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Idea

post #1 of 12
Thread Starter 

Hello Folks.  Without all the details; I was talking to a mate at work, sort of just rambling about smoking meat and hit on an idea.  I don't know if you have room for this, I don't know if I have room for this yet, but thought I'd pass on the idea.

 

I notice my charcoal bags are damp when I pull them from my shed.  I have also seen folks post about microwaving pellets before use.  I do have sealed plastic buckets for chips and pellets but I now have about 10-12 of those and how sealed they are, who knows.  They take up a lot of room.

 

WELL: when you are making x-ray quality welds your welding rods MUST be kept COMPLETELY dry and being warm also helps.  What many places use is an old fridge with a 100 watt ( or larger ) bulb.  The fridge doesn't need to work, just the light socket working even with the door closed.  IF we keep our charcoal, pellets, and chips in an old fridge and keep a light on they will be dry and ready for use any time.  Even if the fridge is outside in rain in the winter the contents will stay warm and dry.

 

Doesn't need to be an old fridge with metal interior, doesn't need to be that hot.  Just warm and dry.  Just bought this non-working 1952 fridge off EBay for £26.  Metal enamelled interior.  This one will be a smoker ( long story, had to bin my first one ).  Just thought I'd pass on my idea.  Keep Smokin!

Danny

 

Processed By eBay with ImageMagick, z1.1.0. ||B2

 

Processed By eBay with ImageMagick, z1.1.0. ||B2

post #2 of 12
Hi Danny, good idea!

Smokin Monkey
post #3 of 12

That's a great idea Danny, as wood is hydroscopic it will tends to reach the moisture content and humidity of the surrounding air.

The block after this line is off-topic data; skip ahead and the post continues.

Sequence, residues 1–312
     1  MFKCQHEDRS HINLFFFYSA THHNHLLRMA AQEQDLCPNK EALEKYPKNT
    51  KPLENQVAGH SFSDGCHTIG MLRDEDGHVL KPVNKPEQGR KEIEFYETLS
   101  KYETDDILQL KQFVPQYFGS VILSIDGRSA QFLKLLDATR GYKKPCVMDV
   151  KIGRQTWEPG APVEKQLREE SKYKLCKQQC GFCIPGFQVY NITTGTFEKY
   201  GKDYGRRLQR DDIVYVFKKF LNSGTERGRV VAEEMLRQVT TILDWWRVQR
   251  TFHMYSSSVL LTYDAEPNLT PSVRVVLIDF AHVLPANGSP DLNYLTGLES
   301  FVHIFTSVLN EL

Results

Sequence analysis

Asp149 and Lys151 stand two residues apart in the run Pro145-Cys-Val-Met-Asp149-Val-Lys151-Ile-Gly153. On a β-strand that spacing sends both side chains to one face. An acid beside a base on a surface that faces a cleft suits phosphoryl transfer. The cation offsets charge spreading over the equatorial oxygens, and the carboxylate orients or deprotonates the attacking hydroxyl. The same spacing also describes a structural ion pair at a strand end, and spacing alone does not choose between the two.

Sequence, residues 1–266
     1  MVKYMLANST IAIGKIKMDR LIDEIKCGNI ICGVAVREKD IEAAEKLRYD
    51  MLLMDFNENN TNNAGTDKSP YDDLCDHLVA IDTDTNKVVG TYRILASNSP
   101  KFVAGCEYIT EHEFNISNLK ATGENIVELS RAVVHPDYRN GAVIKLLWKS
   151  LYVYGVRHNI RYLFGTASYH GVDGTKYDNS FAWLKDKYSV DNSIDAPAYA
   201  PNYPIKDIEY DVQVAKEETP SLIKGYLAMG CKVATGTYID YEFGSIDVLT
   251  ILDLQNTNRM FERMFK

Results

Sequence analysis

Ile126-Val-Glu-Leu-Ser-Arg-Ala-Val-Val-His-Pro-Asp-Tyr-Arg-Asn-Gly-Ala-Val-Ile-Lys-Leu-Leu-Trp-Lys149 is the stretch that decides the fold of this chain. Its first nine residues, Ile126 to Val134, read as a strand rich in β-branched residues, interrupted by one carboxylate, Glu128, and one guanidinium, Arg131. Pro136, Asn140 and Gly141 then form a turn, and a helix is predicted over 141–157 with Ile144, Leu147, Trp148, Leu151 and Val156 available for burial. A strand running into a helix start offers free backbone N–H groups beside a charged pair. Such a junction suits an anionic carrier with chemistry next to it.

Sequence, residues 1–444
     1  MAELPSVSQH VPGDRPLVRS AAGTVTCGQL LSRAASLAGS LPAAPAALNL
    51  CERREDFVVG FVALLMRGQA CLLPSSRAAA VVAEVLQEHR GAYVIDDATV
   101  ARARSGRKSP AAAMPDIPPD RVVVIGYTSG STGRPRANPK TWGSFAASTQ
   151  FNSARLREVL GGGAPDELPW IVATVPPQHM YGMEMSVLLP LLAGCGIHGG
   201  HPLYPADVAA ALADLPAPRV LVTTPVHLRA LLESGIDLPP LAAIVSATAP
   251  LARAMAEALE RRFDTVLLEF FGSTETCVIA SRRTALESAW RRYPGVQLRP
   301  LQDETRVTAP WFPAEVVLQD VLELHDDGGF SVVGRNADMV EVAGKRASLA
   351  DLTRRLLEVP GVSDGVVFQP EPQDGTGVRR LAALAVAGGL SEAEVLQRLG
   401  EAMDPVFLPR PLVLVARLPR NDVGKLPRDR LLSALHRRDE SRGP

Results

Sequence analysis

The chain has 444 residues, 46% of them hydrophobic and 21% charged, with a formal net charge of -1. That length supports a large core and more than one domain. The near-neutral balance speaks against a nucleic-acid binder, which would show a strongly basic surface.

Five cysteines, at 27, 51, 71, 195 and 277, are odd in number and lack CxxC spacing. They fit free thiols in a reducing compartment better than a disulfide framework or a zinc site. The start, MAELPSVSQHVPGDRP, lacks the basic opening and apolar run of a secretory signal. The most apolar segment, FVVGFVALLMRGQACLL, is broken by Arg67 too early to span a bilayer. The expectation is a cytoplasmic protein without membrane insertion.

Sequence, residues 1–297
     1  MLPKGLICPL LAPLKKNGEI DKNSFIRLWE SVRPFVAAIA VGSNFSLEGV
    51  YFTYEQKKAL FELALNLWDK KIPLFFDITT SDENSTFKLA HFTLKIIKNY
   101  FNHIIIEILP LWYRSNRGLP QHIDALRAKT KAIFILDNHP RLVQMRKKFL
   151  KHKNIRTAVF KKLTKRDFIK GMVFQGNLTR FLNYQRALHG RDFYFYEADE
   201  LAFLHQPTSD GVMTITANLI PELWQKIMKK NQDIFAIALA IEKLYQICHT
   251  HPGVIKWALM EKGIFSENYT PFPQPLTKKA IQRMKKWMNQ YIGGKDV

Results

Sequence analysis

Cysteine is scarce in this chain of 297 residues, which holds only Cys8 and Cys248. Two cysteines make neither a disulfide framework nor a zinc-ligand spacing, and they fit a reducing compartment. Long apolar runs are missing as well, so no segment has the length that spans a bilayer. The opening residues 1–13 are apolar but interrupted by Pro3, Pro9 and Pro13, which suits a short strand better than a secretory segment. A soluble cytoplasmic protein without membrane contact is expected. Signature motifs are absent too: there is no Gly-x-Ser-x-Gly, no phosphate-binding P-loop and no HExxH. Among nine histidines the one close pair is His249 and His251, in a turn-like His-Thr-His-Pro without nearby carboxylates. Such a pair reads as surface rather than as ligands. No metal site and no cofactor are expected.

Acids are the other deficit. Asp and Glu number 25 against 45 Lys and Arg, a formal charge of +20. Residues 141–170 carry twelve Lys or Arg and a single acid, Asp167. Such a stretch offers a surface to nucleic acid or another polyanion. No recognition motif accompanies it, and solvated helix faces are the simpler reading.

I am in the middle of an experiment, where I have dried 1.5 Kg's of Apple chunks in the oven and they have lost over 400g in weigh, and the moisture content has been reduced from between 19 - 22% to under 1%. I have now placed the apple chunks back in the shack and within 1 week the chunks have gained 42g in weight, and the moisture content is back up to between 9 - 12%.

 

I store all our chips & dust in woven polypropylene sacks, and the moisture content remains under 14%.

 

I am Interested in how everyone else stores their Smoking Wood!!

post #4 of 12
Thread Starter 

UH HUH!  So can you put that in Redneck speak?  So you are saying it's a good idea??   Smoking Monkey and Wade understand me.  Build fire, throw on meat, when cooked eat meat.  SIMPLE!  :ROTF

Well here I go.  I should just shut up.   BUT in order to PROVE I am dumb as a rock, I will comment!   :hit:

 

So here is the deal.  I know many of you folks are in to the science of smoking.  And in some cases the science is REALLY important.  Cures and such and amount of moisture lost when curing meat etc..  I am starting to get in to some of these things.

 

I have NEVER used a meat therm in my life!  I ALWAYS tell new folks to get a good digital dual probe therm when starting out.  I learned from the old men back in Tx..  These fancy meat therms were not available back then.  You put your hand on the smoker to judge smoker temp and looked at the meat to see how things were progressing.  I do not recommend this for new folks.  I started learning when I was 10-12 yrs. old.  Years of experience new folks can not replicate,

 

Not taking any thing away from your detailed post, I sometimes think the smoking process is over thought.  No disrespect intended.  Curing times and how much cure to use and such are important but the moisture content of the wood???  Having said that if ordering wood off the net and you receive an inferior product ( green wood ) then something must be done.

 

James; DO NOT get me wrong.  Your info IS important and worthy of posting.  GREAT job on doing the research!  That research will be invaluable to someone like Wade who is looking at smoking foods on a commercial level.  Kedep Smokin!

Danny

post #5 of 12
Quote:
Originally Posted by KC5TPY View Post

UH HUH!  So can you put that in Redneck speak?  So you are saying it's a good idea??   Smoking Monkey and Wade understand me.  Build fire, throw on meat, when cooked eat meat.  SIMPLE!  ROTF.gif
Well here I go.  I should just shut up.   BUT in order to PROVE I am dumb as a rock, I will comment!   hit.gif

So here is the deal.  I know many of you folks are in to the science of smoking.  And in some cases the science is REALLY important.  Cures and such and amount of moisture lost when curing meat etc..  I am starting to get in to some of these things.